The Pornography of Desperation

5 March 2009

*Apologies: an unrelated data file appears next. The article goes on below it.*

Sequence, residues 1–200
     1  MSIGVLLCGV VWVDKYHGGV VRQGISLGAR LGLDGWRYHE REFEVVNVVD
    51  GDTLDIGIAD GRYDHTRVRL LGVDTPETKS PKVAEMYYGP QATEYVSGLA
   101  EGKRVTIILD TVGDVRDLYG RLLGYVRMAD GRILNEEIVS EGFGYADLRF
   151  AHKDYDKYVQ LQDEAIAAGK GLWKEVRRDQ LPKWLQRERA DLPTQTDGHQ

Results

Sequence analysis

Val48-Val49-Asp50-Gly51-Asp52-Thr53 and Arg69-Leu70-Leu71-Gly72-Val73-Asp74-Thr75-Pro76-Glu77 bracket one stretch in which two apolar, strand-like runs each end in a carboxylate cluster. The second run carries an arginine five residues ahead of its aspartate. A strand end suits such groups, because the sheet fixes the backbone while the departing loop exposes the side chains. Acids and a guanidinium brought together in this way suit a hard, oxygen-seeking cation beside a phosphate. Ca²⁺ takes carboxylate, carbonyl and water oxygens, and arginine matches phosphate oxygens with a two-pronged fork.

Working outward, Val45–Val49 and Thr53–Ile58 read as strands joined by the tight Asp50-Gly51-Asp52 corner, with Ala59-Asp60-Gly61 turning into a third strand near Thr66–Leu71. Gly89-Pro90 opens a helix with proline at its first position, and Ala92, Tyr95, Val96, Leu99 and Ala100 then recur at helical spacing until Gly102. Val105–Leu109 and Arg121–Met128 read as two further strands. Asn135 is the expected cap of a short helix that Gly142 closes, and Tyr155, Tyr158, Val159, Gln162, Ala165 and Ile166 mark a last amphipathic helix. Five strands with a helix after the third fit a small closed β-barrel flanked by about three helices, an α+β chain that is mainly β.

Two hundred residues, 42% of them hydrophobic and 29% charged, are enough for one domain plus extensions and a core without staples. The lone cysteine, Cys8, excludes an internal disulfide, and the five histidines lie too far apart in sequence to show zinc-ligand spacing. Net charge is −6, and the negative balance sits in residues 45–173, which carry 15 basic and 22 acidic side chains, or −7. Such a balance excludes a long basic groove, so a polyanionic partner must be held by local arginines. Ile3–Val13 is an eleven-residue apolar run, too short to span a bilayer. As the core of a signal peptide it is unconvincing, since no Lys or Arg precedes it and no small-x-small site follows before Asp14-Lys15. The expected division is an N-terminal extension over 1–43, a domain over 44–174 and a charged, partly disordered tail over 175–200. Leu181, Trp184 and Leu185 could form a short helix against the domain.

My first toe in the snow turned out to be not the Armory Show, but a run through Scope – it was nearly impossible to get to the Piers this particular evening – and frankly I was tempted to stop right at the newly renovated Alice Tully Hall, whose glass-faced façade disclosed a very warm and inviting looking bar and café. I consoled myself that I could always stop in afterwards. Inside (as opposed to outside) the pavilions, Scope has a slightly more manicured look this year – though the twilight may have enhanced the effect. ada (Richmond, Virginia) Gallery’s booth this year is close enough to the entrances that you could practically fall into it (no – I did not stop for a drink at Alice Tully Hall), and it’s always fun running into John Pollard who does such an amazing job with this gallery. This year, the gallery is celebrating the influence of the convulsive, hysterical films of George Kuchar, who is actually scheduled to present a few of his films at special events the gallery will present this Saturday evening (6-8 p.m.) and Sunday afternoon (12-2 p.m.). Kuchar really invented a kind of pornography of desperation; and, to judge from the business and economic news alone, you’d have to say these films have really found their moment. (Me – I’d just love to see some of these Wall Street money mis-managers cast and forced to act through a George Kuchar film.) John always shows something amazing, something surprising that takes you completely off guard; and I’m sure there’s more here that I should be mentioning; but I was most immediately fascinated by paintings and stop-action animations (from the paintings) he showed by Bruce Wilhelm – whose uncanny, abstracted, naïve style I found completely captivating -- e.g., horses and figures cantering into and out of a conventional landscape obscured by, morphing, or dissolving (more apparent in the animations) into other fragmentary elements, bits of landscape or other figures or color fields. Amazing (and not expensive!) There was much more; but, needless to say, I’ll be going back.